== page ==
One soldier’s view
The media is quick to report anything negative or discouraging about the war in Iraq, so let us consider the words of a soldier fighting over there, whom I am quoting with his permission. His father, a personal friend of mine, had written to him expressing his worry and concern for his son’s safety, and this was his reply:
“Dear Mom and Pap: First off, of course I am still talking to you. I disagree with you very much but I am still talking, or in this case, writing to you. I want you to remember something when you get concerned about the soldiers . . . every one of us is a volunteer. I am not here because I like or dislike President Bush; I’m here because that’s where my orders take me. I’m a soldier. I fight where I’m told, and I win where I fight. I don’t care if everyone in America is worried about the price of gas. We give them that luxury. I’m sorry if the average American does not realize we are in a war for our survival that is probably more critical than WWII or the Cold War. Regardless of who the president is, how stupid could you be to not understand that 9/11 was real, and it was the beginning of a world war? It’s not over by a darn sight.
“If you think I’ve got a death wish, you are mistaken. I want to see my kids and grandkids grow up. Janet and I just bought a small place that might be a springboard to the ranch I’ve wanted all my life. But I’m not shrinking from the task at hand just because it’s not popular in the polls anymore. I don’t serve the president; I serve the Constitution, and we are defending it by defending the Iraqis against ruthless insurgents who will do anything to stop forward progress in Iraq and ultimately bring the fight back to America.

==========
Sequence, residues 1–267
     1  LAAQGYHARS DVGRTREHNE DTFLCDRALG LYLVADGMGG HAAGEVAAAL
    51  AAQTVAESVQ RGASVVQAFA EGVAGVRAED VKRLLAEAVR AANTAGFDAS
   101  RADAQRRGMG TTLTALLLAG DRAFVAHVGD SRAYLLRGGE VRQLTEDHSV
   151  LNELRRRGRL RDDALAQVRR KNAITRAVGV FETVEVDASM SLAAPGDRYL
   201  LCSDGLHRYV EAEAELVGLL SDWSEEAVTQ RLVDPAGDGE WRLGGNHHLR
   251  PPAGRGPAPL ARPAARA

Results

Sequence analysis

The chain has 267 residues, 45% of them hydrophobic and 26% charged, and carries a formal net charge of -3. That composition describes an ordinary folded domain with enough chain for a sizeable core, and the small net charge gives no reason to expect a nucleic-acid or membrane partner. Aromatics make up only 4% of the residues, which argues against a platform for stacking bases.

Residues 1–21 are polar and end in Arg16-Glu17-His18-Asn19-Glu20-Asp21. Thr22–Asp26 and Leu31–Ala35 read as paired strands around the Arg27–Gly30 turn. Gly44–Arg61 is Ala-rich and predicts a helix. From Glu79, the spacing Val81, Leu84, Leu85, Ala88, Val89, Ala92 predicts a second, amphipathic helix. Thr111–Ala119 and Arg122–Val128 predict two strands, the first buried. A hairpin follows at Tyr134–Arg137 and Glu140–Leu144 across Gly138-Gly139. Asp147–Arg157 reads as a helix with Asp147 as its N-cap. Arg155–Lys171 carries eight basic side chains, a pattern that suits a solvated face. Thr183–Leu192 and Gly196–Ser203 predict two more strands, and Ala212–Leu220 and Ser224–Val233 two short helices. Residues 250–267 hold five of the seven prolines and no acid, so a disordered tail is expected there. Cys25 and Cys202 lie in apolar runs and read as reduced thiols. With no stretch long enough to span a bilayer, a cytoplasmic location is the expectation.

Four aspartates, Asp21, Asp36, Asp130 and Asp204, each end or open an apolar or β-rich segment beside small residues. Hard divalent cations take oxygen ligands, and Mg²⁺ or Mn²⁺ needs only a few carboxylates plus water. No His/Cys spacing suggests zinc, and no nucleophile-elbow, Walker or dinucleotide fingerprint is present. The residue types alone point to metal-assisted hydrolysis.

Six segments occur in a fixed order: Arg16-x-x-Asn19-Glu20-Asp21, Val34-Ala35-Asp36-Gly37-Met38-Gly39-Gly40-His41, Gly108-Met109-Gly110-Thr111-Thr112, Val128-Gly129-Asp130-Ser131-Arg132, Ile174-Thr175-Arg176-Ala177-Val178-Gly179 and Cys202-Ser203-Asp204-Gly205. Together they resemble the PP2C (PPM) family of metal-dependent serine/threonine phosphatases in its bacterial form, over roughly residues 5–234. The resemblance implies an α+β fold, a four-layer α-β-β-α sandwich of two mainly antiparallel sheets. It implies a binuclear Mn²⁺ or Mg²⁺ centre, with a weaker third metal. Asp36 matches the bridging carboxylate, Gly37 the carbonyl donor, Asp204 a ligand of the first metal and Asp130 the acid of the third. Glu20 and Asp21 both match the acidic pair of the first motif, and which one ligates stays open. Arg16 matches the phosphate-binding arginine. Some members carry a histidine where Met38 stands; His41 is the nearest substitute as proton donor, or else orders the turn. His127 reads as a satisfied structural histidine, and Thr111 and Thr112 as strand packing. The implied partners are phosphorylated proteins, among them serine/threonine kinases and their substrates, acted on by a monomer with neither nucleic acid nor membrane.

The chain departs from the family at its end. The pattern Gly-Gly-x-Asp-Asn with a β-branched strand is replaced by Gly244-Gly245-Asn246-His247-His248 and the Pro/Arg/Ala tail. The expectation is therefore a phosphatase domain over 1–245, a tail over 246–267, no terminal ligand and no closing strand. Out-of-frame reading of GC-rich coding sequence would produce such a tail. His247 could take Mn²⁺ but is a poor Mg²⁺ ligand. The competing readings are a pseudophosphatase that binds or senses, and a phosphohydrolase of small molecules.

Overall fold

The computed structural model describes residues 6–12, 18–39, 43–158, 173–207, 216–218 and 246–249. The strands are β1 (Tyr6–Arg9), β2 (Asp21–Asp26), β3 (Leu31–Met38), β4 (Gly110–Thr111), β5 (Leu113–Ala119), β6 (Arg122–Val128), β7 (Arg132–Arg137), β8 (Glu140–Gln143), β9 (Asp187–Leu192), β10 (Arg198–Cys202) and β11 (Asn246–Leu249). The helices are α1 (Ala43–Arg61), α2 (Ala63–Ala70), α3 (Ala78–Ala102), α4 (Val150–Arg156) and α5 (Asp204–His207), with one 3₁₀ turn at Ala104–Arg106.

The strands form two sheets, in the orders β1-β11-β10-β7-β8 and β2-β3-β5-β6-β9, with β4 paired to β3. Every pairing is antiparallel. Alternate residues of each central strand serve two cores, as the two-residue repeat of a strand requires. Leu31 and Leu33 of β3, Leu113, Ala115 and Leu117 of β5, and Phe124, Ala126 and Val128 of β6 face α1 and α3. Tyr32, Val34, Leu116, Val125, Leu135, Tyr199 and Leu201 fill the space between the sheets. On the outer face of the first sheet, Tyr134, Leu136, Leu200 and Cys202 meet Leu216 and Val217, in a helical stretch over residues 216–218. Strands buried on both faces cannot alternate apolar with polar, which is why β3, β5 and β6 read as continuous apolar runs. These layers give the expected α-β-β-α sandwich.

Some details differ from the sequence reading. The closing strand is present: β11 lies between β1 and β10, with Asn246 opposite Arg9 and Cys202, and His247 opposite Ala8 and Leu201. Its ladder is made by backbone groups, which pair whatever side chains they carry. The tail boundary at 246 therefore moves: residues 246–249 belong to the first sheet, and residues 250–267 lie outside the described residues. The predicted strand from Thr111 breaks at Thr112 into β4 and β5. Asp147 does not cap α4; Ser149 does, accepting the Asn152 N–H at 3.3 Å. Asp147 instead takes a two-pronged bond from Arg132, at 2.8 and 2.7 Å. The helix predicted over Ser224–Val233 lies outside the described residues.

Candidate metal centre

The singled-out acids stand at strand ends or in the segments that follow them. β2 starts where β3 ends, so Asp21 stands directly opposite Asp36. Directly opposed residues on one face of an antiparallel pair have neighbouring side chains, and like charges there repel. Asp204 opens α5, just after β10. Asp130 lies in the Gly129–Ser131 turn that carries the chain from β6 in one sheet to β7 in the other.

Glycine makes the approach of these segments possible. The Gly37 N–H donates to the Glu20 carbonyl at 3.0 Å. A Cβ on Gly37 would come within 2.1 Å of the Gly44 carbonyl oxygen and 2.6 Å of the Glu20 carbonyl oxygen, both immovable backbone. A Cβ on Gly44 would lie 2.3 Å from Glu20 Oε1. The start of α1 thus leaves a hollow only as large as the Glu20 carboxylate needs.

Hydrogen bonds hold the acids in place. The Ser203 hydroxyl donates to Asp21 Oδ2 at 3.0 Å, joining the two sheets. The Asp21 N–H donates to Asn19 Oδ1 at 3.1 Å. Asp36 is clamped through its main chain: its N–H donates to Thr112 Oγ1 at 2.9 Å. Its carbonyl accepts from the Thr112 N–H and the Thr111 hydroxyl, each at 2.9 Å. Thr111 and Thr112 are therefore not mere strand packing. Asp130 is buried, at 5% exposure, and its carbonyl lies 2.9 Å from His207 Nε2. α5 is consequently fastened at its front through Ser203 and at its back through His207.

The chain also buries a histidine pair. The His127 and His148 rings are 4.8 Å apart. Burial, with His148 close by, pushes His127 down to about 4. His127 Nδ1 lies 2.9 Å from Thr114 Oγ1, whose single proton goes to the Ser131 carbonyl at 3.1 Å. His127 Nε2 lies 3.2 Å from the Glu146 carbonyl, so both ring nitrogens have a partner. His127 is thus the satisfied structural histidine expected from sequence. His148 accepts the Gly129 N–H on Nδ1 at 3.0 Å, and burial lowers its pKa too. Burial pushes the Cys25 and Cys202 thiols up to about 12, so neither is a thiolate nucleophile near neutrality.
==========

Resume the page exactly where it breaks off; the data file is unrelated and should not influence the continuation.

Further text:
“In my life I have fought communists, drug lords and now terrorists on three continents and a whole bunch of countries. I was always proud of what I did. But nothing has ever been more important than this, and politics be damned. I don’t care who did what when. I don’t care if we should have invaded Iraq differently. Here we are, and here we must stay for 30 years or more. Why do you think Germany is an ally now? Because we stayed. How about Korea? When I first went there in 1981, you had never seen a more backward nation. Now look where they’ve come. Why? Longterm U.S. presence and commitment. And if you don’t believe it can work in the Middle East, take a look at Kuwait. In the past 15 years, they’ve gone from one-man rule to free and fair elections that included women. They still have a king, but they have a parliament too, and the king listens to them.
“I guess I’ve said enough. If you’re dead set against the war, so be it. But be dead set against it because you think it’s wrong, not because I’m here doing something others are not doing. I don’t care if they are not here. I’m here with my brothers in arms and I’m proud of what we do every day.”